Friday, May 12, 2017

What is a Patch Mitigation Plan?

Recently, a NERC entity emailed me with a question about CIP-007 R2, patch management. Specifically, the question was whether the mitigation plan needs to do more than simply explain why the patch can’t be installed at the time, and state that it will be installed by a specific future date; it seems their auditor had informed them that wasn’t enough.

I knew the answer to this, but I reached out to an auditor for his opinion and I was glad I did – he had some very helpful suggestions.  Here is his response in full:

“The requirement is to create (or update) a mitigation plan if the patch cannot be implemented within 35 days of it being determined to be applicable.  The Registered Entity is expected to document when and how the vulnerability will be addressed, and the expectation as expressed in the Measures is to specifically document the actions to be taken by the Responsible Entity to mitigate the vulnerabilities addressed by the security patch and a time frame for the completion of these mitigations.  Simply stating the patch will be installed sometime in the future is not an action that mitigates the vulnerability in the interim.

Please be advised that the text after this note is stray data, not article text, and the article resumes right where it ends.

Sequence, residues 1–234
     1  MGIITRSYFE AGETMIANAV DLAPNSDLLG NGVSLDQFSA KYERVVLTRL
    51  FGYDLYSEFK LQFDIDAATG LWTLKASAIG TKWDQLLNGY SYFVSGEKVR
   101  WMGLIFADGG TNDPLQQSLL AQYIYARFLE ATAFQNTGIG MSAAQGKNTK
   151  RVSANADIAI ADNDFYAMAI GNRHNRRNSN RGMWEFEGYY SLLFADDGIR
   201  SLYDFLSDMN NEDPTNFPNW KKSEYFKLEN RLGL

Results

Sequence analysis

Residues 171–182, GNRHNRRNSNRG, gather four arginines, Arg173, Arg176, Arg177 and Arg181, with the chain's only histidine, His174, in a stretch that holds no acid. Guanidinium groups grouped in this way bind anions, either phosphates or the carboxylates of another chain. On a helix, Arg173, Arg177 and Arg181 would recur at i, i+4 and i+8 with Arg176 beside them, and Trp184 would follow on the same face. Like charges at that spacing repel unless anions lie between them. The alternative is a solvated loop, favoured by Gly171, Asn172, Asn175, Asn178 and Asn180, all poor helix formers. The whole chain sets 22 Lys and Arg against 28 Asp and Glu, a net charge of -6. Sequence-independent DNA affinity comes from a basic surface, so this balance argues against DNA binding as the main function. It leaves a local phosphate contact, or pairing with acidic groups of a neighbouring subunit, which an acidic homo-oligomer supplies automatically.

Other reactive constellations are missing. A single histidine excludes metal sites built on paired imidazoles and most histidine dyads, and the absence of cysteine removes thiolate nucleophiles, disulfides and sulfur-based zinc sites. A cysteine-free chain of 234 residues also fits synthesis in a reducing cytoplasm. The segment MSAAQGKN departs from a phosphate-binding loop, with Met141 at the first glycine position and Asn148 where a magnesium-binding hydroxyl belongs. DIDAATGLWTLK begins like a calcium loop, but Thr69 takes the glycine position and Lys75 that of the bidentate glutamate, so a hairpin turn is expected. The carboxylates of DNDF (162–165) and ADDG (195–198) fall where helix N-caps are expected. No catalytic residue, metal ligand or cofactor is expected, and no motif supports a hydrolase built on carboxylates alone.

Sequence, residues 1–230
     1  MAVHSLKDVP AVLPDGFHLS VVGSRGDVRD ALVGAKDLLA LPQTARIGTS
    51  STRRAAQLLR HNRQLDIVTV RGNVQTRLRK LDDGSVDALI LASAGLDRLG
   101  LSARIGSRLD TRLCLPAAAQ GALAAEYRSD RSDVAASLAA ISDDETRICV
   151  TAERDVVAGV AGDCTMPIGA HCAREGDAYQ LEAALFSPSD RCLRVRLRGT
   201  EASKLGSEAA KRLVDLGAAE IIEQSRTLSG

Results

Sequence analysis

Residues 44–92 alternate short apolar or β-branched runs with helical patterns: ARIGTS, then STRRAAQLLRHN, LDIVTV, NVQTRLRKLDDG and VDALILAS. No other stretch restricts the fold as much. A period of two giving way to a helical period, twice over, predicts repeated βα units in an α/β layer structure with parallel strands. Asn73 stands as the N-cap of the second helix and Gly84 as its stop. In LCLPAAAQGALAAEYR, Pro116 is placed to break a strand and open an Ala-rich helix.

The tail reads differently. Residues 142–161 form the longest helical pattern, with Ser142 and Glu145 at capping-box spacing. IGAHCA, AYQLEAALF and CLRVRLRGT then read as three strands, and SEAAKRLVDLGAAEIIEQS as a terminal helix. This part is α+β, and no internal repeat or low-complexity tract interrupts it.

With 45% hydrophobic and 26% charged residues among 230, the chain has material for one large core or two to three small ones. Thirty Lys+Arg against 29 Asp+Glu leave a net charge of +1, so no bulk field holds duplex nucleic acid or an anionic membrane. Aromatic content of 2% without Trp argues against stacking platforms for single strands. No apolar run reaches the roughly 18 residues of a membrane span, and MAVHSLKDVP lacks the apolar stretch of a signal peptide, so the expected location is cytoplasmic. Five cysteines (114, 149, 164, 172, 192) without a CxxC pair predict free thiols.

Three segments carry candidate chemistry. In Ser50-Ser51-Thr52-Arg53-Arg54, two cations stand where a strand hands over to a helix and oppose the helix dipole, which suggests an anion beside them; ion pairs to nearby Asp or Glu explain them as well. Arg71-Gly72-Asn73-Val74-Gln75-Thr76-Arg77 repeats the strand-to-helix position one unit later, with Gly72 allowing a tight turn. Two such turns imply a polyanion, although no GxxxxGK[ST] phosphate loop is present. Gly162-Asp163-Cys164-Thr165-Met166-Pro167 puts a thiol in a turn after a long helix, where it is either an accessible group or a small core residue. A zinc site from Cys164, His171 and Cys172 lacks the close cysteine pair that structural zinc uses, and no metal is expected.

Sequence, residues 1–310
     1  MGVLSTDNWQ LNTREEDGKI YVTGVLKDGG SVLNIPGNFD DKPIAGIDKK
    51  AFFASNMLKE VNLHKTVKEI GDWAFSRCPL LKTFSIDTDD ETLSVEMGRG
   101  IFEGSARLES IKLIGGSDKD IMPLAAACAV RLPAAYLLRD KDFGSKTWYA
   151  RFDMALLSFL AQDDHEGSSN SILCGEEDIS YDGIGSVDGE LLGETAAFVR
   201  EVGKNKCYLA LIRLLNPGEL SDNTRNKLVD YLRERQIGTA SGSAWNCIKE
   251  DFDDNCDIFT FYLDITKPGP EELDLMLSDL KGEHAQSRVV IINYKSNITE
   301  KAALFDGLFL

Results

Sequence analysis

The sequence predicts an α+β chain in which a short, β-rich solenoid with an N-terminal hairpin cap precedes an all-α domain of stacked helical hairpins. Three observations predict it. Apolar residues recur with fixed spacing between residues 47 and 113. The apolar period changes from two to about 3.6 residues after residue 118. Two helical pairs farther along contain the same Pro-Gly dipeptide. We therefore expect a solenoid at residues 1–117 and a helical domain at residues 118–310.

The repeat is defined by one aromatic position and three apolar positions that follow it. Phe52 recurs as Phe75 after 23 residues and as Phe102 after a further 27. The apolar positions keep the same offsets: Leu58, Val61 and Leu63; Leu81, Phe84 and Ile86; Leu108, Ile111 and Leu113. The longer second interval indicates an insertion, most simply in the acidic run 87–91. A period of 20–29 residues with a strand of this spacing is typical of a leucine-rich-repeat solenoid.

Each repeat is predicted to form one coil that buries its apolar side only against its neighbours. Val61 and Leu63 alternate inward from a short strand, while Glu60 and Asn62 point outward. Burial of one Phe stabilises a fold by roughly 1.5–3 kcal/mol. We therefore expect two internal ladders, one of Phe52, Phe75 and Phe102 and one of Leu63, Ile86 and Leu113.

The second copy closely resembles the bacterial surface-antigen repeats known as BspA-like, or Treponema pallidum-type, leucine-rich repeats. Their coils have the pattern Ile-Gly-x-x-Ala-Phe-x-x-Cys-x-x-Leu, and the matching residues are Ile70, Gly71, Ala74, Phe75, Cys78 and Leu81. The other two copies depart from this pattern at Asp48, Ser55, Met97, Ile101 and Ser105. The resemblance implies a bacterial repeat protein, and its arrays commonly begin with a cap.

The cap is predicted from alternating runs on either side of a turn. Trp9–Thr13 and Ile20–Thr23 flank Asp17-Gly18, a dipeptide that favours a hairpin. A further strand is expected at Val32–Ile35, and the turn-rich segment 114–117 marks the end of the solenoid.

“The Registered Entity needs to understand what the vulnerability is and how it can be exploited in order to document what mitigating controls are in place to reduce the risk of exploit until the patch can be installed.  Often, but not always, the proper implementation of the CIP Requirements will mitigate the risk.  For example, if the vulnerability can be exploited across the network, tight firewall rules will likely be a mitigation as long as there is no requirement for broad access to the Cyber Asset that counteracts the control.  The Registered Entity might also update its anti-malware signature files more frequently and/or increase monitoring of the impacted Cyber Asset.

“But, if the exploit requires physical access to the Cyber Asset, asserting the device is behind a firewall is meaningless.  Rather, the mitigations would include physical access restrictions, possibly current or enhanced restrictions on the use of removable media; in other words mitigation steps that counter the exploit mechanism.  And, while not stated as an explicit requirement, the Registered Entity really needs to monitor the vulnerability until the patch is installed in case the exploit risk changes, possibly requiring additional protections.  That would be a good cyber security (best) practice.”

The views and opinions expressed here are my own and don’t necessarily represent the views or opinions of Deloitte.

No comments:

Post a Comment